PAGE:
Poverty in NYC on rise while proposed food stamp cuts loom
Cyril Josh Barker | 4/12/2011, 5:26 p.m.
Emerging census numbers reveal shocking information about just how bad poverty is in New York City. The median income of families in the city has declined along with an increase in the number of people in poverty.
According to the U.S. Census, the number of city residents living below the federal poverty line increased from over 1,500,000 to 1,546,000 from 2008 to 2009. The median household income dropped from $51,116 in 2008 to $50,033 in 2009
Every borough except Manhattan reported an increase in people living below poverty. However, the drop is attributed to the mass number of those living in poverty in Manhattan being priced out to other places.
And while New Yorkers are seeing a drop in income, the federal government is proposing cuts to the food stamp program.
At a press conference on Tuesday in Washington Heights, a real picture of just how bad things are getting was seen at the Ecumenical Food Pantry, which is run by Catholic Charities. A long line with dozens of people could be seen with carts getting free food to last them several days.
A week ago, the New York City Coalition Against Hunger (NYCCAH) and Washington Heights City Council Member Ydanis Rodriguez lived on the cost of food stamps for a week. Participants in the challenge lived on $4.35 a day for food for the first three days and spent $3.75 a day for the remaining four days. The lower cost represents the proposed cuts.
"I do not need to repeat what we already know," Rodriguez said. "It is impossible to still eat a healthy, balanced diet off $4.33 per day, the amount a low-income individual might receive off food stamps. Ironically, Congress is considering paying for child nutrition programs by cutting the already insufficient amount of funds for food stamps--a move that will make children less healthy!"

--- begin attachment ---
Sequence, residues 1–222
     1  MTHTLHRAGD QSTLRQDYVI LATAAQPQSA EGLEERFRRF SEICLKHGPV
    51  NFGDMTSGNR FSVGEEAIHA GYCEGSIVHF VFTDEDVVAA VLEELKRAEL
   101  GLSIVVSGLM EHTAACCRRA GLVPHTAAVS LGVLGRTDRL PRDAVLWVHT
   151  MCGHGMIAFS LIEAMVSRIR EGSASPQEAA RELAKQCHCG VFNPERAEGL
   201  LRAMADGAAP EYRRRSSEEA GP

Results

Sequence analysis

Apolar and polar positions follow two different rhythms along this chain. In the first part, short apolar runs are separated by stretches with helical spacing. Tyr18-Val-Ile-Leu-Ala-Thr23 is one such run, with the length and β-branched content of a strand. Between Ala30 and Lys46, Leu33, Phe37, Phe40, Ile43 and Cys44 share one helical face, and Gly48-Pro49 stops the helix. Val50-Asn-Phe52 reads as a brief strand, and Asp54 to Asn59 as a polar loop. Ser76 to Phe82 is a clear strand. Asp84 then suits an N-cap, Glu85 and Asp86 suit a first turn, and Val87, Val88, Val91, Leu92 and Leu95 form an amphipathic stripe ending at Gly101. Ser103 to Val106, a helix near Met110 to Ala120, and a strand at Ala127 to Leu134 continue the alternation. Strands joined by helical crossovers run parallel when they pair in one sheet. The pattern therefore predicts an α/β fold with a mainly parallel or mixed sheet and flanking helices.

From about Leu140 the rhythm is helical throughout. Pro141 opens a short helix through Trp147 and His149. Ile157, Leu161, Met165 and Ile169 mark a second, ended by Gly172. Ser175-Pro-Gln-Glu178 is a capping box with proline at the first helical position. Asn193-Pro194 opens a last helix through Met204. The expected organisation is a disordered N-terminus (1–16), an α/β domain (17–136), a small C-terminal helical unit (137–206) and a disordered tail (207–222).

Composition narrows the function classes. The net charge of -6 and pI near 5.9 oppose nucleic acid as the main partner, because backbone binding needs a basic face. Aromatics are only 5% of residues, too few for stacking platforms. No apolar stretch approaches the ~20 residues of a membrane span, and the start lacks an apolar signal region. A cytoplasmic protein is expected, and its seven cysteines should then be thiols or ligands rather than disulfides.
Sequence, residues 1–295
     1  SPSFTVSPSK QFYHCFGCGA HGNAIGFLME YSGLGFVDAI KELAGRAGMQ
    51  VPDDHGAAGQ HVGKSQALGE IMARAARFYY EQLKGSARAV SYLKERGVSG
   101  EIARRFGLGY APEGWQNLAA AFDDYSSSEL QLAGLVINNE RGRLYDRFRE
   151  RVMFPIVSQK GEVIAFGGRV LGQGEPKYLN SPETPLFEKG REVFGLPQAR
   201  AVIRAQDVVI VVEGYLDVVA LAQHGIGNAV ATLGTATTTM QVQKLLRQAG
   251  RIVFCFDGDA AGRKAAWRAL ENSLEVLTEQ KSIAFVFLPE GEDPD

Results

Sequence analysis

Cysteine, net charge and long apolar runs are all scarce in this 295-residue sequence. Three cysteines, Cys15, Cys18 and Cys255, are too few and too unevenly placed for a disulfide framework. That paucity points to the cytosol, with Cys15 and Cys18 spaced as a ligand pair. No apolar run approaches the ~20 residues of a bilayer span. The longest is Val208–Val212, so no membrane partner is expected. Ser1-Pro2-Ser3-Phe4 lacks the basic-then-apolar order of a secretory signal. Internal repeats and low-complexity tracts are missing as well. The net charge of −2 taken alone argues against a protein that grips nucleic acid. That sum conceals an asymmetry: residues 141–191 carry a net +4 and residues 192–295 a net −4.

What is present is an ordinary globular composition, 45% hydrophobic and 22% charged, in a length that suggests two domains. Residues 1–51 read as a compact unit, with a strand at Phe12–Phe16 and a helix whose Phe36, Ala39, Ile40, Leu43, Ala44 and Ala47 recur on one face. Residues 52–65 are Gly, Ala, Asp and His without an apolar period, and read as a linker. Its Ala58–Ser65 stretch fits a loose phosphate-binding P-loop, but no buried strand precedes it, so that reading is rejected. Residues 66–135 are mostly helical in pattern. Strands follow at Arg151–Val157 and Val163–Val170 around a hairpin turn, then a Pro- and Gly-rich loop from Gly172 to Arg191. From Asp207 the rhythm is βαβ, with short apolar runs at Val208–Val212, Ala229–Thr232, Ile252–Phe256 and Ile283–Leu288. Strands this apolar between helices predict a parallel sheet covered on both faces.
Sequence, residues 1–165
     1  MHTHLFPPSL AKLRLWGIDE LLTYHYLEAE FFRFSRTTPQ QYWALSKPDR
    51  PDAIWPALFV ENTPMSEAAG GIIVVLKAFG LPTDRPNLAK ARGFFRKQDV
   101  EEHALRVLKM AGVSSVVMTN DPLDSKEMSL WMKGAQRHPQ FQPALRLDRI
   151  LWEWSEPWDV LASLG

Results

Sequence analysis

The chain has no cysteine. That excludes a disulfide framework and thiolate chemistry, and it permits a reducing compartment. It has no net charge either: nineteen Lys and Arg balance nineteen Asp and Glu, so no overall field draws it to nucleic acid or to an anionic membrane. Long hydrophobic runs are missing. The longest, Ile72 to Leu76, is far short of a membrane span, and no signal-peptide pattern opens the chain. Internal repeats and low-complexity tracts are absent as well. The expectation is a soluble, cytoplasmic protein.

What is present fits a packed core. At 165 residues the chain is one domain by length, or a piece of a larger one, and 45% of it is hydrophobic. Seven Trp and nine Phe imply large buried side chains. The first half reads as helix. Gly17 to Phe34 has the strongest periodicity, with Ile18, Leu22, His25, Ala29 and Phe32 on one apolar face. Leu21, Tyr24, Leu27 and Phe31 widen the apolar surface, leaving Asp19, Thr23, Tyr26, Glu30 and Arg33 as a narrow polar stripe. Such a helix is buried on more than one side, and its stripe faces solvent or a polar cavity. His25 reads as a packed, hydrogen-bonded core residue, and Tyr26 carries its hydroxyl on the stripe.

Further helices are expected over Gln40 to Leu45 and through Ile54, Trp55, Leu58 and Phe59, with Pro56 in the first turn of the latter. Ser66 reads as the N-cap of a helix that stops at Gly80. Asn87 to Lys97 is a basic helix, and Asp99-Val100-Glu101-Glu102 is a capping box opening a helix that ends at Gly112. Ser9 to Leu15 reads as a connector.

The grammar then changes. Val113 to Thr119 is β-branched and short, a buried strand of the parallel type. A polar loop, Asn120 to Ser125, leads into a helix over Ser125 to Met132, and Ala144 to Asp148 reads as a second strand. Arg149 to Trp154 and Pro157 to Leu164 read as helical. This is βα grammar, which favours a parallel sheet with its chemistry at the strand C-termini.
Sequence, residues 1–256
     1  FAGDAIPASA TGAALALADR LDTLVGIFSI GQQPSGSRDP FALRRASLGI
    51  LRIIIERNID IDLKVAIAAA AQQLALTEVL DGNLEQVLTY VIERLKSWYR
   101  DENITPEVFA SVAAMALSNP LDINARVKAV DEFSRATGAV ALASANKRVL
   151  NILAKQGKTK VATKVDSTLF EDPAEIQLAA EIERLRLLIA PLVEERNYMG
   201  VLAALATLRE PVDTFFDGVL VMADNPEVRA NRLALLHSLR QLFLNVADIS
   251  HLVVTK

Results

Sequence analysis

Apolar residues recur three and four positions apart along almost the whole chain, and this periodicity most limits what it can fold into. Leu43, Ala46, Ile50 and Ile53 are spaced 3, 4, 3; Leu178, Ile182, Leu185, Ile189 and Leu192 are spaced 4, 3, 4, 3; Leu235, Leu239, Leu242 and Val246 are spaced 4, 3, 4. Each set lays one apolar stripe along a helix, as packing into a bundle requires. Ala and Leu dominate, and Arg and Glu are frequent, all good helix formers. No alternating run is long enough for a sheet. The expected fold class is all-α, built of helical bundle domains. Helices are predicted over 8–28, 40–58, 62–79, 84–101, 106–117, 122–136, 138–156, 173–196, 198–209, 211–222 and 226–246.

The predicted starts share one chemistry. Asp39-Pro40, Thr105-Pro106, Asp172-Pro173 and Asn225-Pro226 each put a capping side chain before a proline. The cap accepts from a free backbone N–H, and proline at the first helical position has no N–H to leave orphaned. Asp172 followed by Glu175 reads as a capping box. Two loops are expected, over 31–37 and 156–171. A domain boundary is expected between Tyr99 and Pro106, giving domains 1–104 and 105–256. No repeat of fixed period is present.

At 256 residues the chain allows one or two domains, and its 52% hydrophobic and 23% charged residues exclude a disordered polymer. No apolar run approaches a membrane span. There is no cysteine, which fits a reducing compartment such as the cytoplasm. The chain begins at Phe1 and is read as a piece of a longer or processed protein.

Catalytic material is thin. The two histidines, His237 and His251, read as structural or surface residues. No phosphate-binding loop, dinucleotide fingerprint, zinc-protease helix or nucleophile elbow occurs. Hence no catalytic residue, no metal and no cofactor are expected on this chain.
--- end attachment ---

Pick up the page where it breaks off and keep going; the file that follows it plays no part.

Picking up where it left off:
Rodriguez also added that while President Barack Obama is championing the need for stronger education in the country, no child can learn sufficiently if they are not getting proper nutrition.
In a statement about the issue, Congressman Anthony Weiner said that the federal government has a "moral obligation" to provide for New Yorkers who go hungry every year.
"Unfortunately, food stamp recipients have a tough enough time subsisting on the current allotment. The fact that further cuts are even on the table is shameful," he said.
Jeanne McGettigan, emergency food services coordinator at Catholic Community Services, said that food pantries across the city give enough food to families to eat three meals a day for three days. Food baskets usually include low-fat milk, eggs, chicken, pasta, beans, vegetables and cereal. Taking away benefits would lower the amount pantries can give.
"Every day at the pantry, we see people who are struggling to make ends meet," said McGettigan. "All too often, people forget how fortunate they are to know where their next meal is coming from."
"Poverty in New York City grew this year, and policymakers need to acknowledge that it's time for more intensive government action. We need to simplify the application process for government benefits, get people working and ensure that workers are earning prevailing or living wages," said Joel Berg, executive director of NYCCAH.
In a borough by borough breakdown, Brooklyn had the highest number of people living below the poverty line in 2009, with well over 550,000. The lowest was Staten Island, with 54,100.
Currently, 1.76 million New Yorkers rely on food stamp benefits.